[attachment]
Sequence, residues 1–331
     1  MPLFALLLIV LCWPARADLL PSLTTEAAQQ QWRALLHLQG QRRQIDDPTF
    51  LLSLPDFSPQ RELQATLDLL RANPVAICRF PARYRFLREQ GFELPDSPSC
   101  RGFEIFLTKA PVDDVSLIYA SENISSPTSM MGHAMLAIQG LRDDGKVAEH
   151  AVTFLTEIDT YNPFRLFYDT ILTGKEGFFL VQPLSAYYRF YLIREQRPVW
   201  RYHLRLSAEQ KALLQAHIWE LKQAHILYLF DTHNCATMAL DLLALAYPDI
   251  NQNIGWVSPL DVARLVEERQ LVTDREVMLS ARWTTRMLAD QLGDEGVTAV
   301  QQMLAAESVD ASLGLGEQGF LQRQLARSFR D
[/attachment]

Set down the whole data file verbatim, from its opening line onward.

Sequence, residues 1–331
     1  MPLFALLLIV LCWPARADLL PSLTTEAAQQ QWRALLHLQG QRRQIDDPTF
    51  LLSLPDFSPQ RELQATLDLL RANPVAICRF PARYRFLREQ GFELPDSPSC
   101  RGFEIFLTKA PVDDVSLIYA SENISSPTSM MGHAMLAIQG LRDDGKVAEH
   151  AVTFLTEIDT YNPFRLFYDT ILTGKEGFFL VQPLSAYYRF YLIREQRPVW
   201  RYHLRLSAEQ KALLQAHIWE LKQAHILYLF DTHNCATMAL DLLALAYPDI
   251  NQNIGWVSPL DVARLVEERQ LVTDREVMLS ARWTTRMLAD QLGDEGVTAV
   301  QQMLAAESVD ASLGLGEQGF LQRQLARSFR D